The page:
PHILADELPHIA The world's biggest semiconductor companies by revenue rank not only among the best in their respective industry segments but are also more likely to have huge piles of cash that can be used to fund acquisitions, R&D and product development, according to a review of financial filings by EE Times.
The top cash-rich IC vendors also consistently garner higher valuations in equity markets than rivals with limited liquidity, putting them in an even stronger financial position relative to their peers in the industry.
Our rankings are based on IC makers' cash and other short-term investments at the end of the second quarter. Long-term debt was stripped out of the calculations in determining current cash position.
Not surprisingly, Intel Corp. leads the pack, followed by Qualcomm, Taiwan Semiconductor Manufacturing Co. Ltd. (TSMC), Texas Instruments Inc. and Broadcom, in that order. The stock valuation of Intel, Qualcomm and TSMC revealed that investors place a high premium on chip manufacturers' ability to generate huge cash flow, which can be returned to shareholders through share repurchases or be used to fund strategic acquisitions.
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Not all the top revenue generators in the semiconductor market can lay claim to huge cash piles, however. STMicroelectronics NV, which market researcher IC Insights earlier this year ranked as the world's fifth-largest IC vendor by sales, did not crack our list of cash-rich chip makers. After adjusting for long-term debts, ST ended the June quarter with negative cash balance of $41 million.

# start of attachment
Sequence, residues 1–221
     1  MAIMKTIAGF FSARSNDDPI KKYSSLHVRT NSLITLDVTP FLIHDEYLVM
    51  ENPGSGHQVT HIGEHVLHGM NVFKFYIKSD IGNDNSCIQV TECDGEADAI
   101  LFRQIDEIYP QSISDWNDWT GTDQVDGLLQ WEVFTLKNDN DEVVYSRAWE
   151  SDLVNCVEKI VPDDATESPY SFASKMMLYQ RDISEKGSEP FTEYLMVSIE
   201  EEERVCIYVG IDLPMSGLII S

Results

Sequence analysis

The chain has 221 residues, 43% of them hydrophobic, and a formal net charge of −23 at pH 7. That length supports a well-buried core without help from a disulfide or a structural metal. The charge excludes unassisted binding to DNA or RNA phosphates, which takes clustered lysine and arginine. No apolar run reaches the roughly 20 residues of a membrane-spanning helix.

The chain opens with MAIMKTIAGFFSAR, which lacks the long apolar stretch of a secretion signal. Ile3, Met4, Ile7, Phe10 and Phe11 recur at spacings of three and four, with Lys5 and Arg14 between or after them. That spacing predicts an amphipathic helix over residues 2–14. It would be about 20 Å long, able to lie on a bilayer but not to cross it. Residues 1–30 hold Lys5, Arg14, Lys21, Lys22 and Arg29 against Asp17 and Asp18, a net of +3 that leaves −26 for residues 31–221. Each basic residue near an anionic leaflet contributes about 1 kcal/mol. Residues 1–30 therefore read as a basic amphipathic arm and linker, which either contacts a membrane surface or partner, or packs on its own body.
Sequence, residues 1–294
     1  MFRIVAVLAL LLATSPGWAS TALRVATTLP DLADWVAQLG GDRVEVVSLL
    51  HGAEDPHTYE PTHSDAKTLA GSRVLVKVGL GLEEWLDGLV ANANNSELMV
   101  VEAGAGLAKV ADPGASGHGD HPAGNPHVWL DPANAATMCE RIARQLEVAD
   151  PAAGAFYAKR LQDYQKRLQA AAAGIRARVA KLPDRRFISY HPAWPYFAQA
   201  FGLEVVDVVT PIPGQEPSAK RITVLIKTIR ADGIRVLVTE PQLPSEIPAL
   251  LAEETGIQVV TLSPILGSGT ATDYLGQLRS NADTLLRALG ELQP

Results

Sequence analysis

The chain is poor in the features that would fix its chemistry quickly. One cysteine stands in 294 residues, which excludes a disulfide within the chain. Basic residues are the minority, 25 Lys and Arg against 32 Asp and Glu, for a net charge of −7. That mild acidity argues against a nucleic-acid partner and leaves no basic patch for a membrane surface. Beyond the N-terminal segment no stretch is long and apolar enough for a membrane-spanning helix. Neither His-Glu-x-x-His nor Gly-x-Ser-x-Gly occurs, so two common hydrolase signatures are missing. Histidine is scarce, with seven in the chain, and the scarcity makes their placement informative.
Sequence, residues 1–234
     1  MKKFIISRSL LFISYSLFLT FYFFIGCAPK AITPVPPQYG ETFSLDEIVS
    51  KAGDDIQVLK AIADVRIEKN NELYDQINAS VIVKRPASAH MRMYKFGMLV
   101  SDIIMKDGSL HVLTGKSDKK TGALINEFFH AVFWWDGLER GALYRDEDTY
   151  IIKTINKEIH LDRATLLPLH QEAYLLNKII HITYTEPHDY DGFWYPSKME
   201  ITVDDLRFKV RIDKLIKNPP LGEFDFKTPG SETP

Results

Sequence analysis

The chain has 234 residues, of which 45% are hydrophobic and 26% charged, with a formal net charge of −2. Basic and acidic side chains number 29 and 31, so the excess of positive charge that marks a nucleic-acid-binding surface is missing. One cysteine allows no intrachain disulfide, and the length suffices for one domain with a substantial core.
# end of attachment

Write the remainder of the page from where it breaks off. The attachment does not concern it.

ST is not alone. Many other major chip makers owe more than they have in the kitty. The group includes memory maker Micron Technology Inc., which wrapped up its fiscal quarter ended June 4, 2009, with $1.3 billion in cash and short-term investments and $2.8 billion in long-term debts, leaving it with net debt of $1.5 billion.
Intel rival Advanced Micro Devices Inc. is in an even more precarious position despite recent efforts to shore up the company's balance sheet. The graphics IC and microprocessor vendor reported available cash and short-term investments rose to $2.5 billion in the June quarter while long-term debts fell a tad to $5.2 billion.
AMD's net cash position was minus $2.7 billion.
Freescale Semiconductor Inc.'s struggle with a boat-load of long-term debts, coupled with declining sales and the resulting hit on cash flow, knocked it out of our rankings. The Austin, Texas,-based company had negative cash position of $6.2 billion in the second quarter. It reported cash and short-term investments of $1.3 billion and $7.5 billion in long-term debt.
NXP Semiconductor isn't too far behind Freescale. The Dutch IC vendor has been trying to renegotiate or retire long-term debts with some success, but it still ranks high among the most debt-laden companies in the chip industry with total long-term debts of $5.4 billion and only $1.3 billion in cash and short-term investments.